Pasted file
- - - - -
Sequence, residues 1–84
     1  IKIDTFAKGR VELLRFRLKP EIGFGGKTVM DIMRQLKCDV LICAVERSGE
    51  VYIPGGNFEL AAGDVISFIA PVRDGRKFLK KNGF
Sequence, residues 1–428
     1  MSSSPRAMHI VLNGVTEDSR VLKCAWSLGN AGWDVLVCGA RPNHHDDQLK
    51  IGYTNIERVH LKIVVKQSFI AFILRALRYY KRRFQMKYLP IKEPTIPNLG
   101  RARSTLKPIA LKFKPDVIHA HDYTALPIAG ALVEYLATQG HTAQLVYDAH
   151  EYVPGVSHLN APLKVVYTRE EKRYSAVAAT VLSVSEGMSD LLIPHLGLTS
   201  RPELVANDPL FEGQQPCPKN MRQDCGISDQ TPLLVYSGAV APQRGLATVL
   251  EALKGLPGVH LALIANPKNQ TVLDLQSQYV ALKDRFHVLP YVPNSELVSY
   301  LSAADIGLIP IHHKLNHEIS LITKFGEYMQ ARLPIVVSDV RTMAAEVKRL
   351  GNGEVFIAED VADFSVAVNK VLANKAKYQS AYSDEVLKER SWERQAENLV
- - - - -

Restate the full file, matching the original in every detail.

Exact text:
Sequence, residues 1–84
     1  IKIDTFAKGR VELLRFRLKP EIGFGGKTVM DIMRQLKCDV LICAVERSGE
    51  VYIPGGNFEL AAGDVISFIA PVRDGRKFLK KNGF
Sequence, residues 1–428
     1  MSSSPRAMHI VLNGVTEDSR VLKCAWSLGN AGWDVLVCGA RPNHHDDQLK
    51  IGYTNIERVH LKIVVKQSFI AFILRALRYY KRRFQMKYLP IKEPTIPNLG
   101  RARSTLKPIA LKFKPDVIHA HDYTALPIAG ALVEYLATQG HTAQLVYDAH
   151  EYVPGVSHLN APLKVVYTRE EKRYSAVAAT VLSVSEGMSD LLIPHLGLTS
   201  RPELVANDPL FEGQQPCPKN MRQDCGISDQ TPLLVYSGAV APQRGLATVL
   251  EALKGLPGVH LALIANPKNQ TVLDLQSQYV ALKDRFHVLP YVPNSELVSY
   301  LSAADIGLIP IHHKLNHEIS LITKFGEYMQ ARLPIVVSDV RTMAAEVKRL
   351  GNGEVFIAED VADFSVAVNK VLANKAKYQS AYSDEVLKER SWERQAENLV